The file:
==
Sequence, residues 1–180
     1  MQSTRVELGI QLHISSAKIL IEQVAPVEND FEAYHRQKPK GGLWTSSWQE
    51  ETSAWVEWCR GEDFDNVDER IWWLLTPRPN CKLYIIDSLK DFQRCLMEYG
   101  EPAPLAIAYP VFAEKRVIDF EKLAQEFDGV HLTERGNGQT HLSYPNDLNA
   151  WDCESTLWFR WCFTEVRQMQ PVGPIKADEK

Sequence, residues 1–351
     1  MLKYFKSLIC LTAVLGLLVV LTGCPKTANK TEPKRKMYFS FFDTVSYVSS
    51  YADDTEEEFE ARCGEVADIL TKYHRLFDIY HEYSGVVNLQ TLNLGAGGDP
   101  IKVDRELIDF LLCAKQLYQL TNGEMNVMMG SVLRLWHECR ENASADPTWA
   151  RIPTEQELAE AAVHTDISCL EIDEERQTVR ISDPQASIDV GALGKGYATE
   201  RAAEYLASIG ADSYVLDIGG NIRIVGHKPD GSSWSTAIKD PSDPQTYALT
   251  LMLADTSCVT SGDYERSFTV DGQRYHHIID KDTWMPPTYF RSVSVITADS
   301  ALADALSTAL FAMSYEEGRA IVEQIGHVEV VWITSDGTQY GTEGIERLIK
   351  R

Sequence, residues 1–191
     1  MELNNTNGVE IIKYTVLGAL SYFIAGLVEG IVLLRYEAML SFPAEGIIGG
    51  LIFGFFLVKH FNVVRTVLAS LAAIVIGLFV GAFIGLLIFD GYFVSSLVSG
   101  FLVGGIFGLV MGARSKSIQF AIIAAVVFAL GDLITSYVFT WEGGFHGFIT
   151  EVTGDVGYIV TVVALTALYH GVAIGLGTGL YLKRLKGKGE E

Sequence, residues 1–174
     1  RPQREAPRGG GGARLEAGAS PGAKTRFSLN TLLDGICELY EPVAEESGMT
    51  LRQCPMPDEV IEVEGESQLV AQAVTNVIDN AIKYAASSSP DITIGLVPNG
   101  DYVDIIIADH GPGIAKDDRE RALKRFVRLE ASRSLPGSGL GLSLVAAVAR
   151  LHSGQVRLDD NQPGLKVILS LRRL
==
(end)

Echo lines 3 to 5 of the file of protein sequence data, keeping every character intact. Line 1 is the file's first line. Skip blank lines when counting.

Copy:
    51  ETSAWVEWCR GEDFDNVDER IWWLLTPRPN CKLYIIDSLK DFQRCLMEYG
   101  EPAPLAIAYP VFAEKRVIDF EKLAQEFDGV HLTERGNGQT HLSYPNDLNA
   151  WDCESTLWFR WCFTEVRQMQ PVGPIKADEK